Warren Hull will say goodbye to his bach in September as a change of land ownership will result in the land his humble abode sits on being used for farming purposes.
Mr Hull bought the bach in 1996 along with a verbal lease. The land was sold this month and he has to be out by September.
Mr Hull and two other leaseholders met the new landowner this month and were told about the proposed change of land use.
‘‘We always knew this could happen and are resigned to the baches’ fate.’’
Mr Hull said he thought his bach was made up of three single men’s quarters from the Tekapo A power scheme, which were moved to the site nearly 60 years ago.
He had spent every Christmas and New Year at the bach with his family, including three children and four grandchildren.
‘‘The good thing is you come out here and you can do what you like.’’
Along with two neighbouring baches, everyone was ‘‘one big crowd’’, he said.
‘‘We had trap shooting, hangis, motorbikes . . .there were plenty of peas, corn and spuds in the fields as well.’’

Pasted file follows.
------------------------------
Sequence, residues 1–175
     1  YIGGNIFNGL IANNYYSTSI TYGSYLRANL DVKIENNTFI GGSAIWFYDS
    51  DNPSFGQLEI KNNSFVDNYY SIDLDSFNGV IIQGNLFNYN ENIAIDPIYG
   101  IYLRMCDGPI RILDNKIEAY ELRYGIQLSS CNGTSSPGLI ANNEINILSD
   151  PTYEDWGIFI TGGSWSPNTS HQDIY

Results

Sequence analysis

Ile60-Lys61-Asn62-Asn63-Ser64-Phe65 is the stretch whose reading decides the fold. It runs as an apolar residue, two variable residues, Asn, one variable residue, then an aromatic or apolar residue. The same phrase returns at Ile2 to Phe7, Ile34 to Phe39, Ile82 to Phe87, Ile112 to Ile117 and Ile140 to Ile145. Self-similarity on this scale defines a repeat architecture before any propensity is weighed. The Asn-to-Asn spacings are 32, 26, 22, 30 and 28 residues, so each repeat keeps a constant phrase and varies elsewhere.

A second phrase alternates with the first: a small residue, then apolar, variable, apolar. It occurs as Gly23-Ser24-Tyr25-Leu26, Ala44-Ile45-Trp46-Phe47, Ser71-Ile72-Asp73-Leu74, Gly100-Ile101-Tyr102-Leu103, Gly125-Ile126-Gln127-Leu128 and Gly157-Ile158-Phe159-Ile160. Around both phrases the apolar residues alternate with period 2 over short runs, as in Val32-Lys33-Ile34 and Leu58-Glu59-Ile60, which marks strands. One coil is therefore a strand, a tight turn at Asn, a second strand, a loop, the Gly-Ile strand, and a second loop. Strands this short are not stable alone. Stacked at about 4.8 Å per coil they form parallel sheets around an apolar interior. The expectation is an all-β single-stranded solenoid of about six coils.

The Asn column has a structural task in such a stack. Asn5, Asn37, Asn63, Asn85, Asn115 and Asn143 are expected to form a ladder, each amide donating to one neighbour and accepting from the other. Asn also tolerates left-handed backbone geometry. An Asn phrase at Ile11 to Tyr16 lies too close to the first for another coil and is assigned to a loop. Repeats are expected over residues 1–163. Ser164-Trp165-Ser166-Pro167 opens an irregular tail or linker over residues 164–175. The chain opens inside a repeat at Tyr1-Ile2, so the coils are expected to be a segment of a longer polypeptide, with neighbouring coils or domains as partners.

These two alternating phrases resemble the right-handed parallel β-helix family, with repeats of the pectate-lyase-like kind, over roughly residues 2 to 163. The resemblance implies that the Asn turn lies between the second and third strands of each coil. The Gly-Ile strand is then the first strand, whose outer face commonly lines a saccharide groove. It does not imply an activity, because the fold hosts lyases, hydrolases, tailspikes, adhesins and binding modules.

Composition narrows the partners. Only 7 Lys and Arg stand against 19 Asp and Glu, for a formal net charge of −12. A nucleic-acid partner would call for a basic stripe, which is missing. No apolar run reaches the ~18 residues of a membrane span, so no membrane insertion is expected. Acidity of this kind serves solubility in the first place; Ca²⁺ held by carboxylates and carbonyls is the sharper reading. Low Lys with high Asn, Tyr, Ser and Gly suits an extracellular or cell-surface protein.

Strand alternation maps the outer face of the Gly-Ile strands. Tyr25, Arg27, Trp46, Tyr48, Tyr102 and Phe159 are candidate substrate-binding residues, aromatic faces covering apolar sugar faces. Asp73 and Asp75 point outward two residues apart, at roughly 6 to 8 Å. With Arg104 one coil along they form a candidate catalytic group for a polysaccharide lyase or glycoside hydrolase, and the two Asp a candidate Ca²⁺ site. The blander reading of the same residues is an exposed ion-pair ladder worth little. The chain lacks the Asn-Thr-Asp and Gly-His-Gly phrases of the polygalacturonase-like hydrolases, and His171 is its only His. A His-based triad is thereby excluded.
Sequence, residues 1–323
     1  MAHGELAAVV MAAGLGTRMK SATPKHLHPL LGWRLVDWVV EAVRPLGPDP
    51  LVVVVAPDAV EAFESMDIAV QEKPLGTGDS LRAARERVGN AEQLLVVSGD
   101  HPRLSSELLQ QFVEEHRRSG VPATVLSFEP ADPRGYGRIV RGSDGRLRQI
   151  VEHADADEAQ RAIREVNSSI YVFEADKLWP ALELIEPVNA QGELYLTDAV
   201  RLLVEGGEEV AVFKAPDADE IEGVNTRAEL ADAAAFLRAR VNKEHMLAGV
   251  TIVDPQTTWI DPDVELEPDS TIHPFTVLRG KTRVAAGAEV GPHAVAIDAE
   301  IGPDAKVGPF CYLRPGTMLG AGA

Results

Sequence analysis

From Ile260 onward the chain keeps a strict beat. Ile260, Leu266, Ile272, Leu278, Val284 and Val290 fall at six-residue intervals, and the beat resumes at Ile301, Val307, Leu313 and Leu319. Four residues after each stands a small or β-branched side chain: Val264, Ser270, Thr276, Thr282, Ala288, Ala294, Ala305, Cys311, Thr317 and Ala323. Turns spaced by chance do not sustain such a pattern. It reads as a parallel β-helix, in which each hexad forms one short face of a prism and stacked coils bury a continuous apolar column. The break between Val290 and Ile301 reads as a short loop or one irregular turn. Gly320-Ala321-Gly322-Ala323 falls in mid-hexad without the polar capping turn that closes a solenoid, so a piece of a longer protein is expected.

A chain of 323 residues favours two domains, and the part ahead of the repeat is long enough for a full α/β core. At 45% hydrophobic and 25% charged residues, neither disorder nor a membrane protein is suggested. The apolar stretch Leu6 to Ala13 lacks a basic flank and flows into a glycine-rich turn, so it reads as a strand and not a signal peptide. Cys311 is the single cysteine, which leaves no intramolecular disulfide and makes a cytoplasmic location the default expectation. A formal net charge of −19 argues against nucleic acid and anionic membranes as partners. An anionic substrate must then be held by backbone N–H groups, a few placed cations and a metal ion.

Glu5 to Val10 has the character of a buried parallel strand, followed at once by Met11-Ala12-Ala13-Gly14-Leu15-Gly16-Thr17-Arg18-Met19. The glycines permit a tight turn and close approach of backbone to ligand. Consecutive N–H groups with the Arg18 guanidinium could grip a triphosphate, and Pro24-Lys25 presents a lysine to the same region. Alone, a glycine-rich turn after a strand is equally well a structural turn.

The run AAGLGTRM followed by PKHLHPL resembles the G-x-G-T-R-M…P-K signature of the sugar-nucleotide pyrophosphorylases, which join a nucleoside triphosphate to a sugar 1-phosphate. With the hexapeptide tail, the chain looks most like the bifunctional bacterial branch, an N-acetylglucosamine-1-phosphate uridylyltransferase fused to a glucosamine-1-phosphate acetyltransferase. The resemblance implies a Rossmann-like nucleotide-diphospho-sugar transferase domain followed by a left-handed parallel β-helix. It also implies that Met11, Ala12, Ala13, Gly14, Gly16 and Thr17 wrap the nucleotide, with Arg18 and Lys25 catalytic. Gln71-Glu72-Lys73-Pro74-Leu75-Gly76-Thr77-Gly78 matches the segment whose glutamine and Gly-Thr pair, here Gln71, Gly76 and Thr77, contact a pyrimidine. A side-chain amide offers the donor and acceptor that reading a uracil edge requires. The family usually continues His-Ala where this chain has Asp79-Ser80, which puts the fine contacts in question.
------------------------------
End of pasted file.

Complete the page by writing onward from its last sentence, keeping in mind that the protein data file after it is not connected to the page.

Mr Hull said there were no hard feelings about the property changing hands and negotiations with the new owner had been smooth.
‘‘With a new type of irrigator these baches will be in the way. They have to be removed.’’
Mr Hull said anyone who was prepared to split up his bach and take it away was welcome to it, free of charge.
‘‘I would rather someone got a bit of enjoyment out of it. I recladded the front of it and there is a new roof on it.
‘‘If anyone can take it to bits then they can have it.’’
Nearing retirement, Mr Hull said he was lucky to have had some great years and shared so many memories in the bach.
‘‘At this stage in life I am better off to let it go.
‘‘The farmer has offered to help us out with a lot of the work.
‘‘I do think the story with the old Kiwi bach is they are becoming a thing of the past. A lot were built on public and reserve land.
‘‘I think health and safety has also been an influencing factor in the changes.
‘‘If you have people on your property, you have to keep an eye on them. If anything happens, you can be liable.’’
Neighbouring bach owner Grahame Duncombe, who bought his bach in 1999, said he was gutted but accepted the situation was inevitable.
‘‘It’s one of those things,’’ Mr Duncombe said.
‘‘The land has changed hands. The new owners are really good, they have been really helpful and there is nothing much we can do about it.
‘‘Onwards and upwards. We just have to treasure the memories.’’ – Mr Hull asked anyone interested in his bach to email him at email@example.com